• Cerebral aneurysms (20%)

  • Hepatic cysts (60%)

    • From biliary epithelium

  • Pancreatic cysts (10%)

  • Cardiac

    • Mitral valve prolapse, bicuspid aortic valve, aortic aneurysms, aortic dissections

  • Colonic diverticula

  • Abdominal wall and inguinal hernia

Causes of death

The main causes of death in ADPKD are:

  • Uremia (ESRD)

  • Atherosclerosis affecting coronary, intracranial arteries

  • Sudden rupture of intracranial aneurysms

  • Sepsis

Gross appearance


  • Caused by mutations of PKD1 and PKD2 genes on chromosomes 16 and 4 respectively

  • PKD1 codes for Polycystin-1 protein – function not known; thought to be involved in cell-cell, cell-matrix interactions.

  • PKD2 codes for Polycystin-2 protein – cation channel involved in regulation of intracellular Ca2+ level.


  • These defects result in altered tubular epithelial growth and differentiation

    • Abnormal extracellular matrix

    • Increased cell proliferation

    • Increased fluid secretion

  • Formation of cysts

  • PKD1 mutations are more common and account for 90% of all ADPKD cases

  • PKD1 associated with earlier onset renal failure


  • Autosomal recessive polycystic kidney disease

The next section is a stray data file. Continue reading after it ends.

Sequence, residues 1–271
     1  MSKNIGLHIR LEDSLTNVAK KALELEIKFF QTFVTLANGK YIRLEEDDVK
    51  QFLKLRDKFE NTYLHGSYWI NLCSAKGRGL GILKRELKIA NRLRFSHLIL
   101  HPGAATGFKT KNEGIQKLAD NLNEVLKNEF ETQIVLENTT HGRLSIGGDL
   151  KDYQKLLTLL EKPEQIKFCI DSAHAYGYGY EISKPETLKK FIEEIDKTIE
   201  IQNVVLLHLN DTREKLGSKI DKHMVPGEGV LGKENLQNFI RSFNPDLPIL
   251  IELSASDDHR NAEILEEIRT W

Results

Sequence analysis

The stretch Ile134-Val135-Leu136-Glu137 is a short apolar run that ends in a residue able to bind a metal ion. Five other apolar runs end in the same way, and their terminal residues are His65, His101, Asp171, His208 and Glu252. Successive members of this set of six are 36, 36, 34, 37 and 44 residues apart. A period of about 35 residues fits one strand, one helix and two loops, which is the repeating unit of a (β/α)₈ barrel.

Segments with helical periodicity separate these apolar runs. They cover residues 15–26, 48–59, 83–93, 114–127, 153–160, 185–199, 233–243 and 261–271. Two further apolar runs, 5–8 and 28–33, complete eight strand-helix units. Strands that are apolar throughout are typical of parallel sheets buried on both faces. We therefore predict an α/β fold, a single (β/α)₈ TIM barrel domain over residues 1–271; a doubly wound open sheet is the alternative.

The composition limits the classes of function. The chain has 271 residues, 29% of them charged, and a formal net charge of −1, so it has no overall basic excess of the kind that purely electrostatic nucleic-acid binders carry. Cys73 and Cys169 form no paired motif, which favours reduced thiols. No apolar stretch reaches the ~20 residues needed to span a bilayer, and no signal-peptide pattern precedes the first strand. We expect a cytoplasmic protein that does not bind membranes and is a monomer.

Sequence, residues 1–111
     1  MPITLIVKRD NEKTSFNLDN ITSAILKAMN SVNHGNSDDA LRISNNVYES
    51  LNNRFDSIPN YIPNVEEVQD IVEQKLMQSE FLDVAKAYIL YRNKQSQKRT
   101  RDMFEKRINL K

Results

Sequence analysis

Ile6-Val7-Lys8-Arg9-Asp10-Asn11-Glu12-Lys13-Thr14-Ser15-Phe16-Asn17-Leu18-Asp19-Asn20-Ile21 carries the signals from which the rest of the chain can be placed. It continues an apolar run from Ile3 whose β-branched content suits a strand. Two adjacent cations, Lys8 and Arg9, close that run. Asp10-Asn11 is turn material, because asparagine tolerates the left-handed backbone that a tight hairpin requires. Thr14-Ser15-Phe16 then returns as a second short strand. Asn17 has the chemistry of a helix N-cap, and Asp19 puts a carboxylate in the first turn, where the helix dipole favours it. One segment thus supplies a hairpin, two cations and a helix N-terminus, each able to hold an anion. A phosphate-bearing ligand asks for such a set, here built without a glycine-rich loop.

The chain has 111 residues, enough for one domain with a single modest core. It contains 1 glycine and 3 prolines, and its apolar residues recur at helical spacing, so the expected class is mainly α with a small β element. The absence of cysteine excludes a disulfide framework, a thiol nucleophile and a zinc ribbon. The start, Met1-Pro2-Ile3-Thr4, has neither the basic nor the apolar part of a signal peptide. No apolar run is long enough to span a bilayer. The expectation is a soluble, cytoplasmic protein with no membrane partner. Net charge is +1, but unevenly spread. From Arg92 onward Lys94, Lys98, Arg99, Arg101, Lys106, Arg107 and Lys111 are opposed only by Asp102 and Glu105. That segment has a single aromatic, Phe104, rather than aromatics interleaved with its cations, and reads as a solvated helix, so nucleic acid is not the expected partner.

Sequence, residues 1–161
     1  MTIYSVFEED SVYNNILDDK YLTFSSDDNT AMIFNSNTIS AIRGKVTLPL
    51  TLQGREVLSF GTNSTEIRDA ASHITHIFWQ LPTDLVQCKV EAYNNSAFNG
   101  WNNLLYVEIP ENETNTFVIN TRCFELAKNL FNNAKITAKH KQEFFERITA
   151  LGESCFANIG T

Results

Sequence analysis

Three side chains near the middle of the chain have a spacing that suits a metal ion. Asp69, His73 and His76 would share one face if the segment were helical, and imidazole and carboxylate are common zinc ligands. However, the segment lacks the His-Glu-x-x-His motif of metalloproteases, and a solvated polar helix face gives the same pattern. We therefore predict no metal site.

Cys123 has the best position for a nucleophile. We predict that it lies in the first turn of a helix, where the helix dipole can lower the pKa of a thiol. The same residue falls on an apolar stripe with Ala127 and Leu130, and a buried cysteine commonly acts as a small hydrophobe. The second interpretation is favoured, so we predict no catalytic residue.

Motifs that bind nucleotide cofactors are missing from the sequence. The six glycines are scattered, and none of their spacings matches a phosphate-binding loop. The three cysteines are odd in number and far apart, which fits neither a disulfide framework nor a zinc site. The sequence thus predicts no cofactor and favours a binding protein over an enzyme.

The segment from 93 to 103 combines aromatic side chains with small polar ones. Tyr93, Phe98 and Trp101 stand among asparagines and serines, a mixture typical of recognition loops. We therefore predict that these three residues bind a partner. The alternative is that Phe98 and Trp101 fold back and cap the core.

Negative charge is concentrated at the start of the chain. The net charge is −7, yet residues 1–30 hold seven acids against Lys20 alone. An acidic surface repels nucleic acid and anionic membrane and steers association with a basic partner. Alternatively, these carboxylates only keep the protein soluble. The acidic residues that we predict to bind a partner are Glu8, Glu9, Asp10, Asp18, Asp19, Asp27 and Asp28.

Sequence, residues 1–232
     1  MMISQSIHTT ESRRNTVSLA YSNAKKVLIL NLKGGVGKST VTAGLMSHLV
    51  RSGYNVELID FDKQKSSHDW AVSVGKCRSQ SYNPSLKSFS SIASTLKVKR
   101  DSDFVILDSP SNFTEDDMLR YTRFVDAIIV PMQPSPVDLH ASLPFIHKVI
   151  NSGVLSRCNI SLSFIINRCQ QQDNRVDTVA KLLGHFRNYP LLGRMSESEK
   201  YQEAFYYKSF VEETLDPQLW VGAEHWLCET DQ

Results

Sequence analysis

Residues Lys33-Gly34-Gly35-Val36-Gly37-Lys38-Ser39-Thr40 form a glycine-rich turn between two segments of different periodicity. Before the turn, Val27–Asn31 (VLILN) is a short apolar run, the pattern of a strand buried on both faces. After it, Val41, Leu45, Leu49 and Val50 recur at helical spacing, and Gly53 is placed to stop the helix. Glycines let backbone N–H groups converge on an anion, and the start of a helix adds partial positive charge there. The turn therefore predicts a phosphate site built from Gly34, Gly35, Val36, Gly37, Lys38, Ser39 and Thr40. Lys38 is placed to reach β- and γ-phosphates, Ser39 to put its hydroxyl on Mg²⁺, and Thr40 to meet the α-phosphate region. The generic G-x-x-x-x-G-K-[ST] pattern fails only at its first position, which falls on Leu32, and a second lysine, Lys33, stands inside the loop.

• Multiple simple cysts

  • Von Hippel-Lindau (VHL) disease

  • Tuberous sclerosis

  • Acquired uremic cystic kidney disease (hemodialysis)

  • Medullary sponge kidney

  • Multicystic dysplastic kidney

Diagnosis: Ultrasonography

  • Ultrasonography is the most widely used technique to diagnose ADPKD

  • Findings: Diffuse hyperechogenicity, enlarged kidneys, and cysts, usually bilateral

  • Can detect cysts 1 – 1.5 cm

  • 99% sensitivity for at risk patients >20 yo

    • Higher false negatives in people < 20yo

  • Not recommended as a routine diagnostic procedure in patients < 14yo

Diagnosis: Ultrasonography

  • No exposure to radiation or contrast material

  • Inexpensive

  • Also useful for evaluating extra-renal cysts in the abdomen (liver, pancreas)

FIGURE 36.48. Autosomal Dominant Polycystic Disease. The kidney of a 57-year-old patient with a family history of cystic renal disease shows replacement of the renal parenchyma with innumerable cysts of varying size. Both kidneys were greatly enlarged.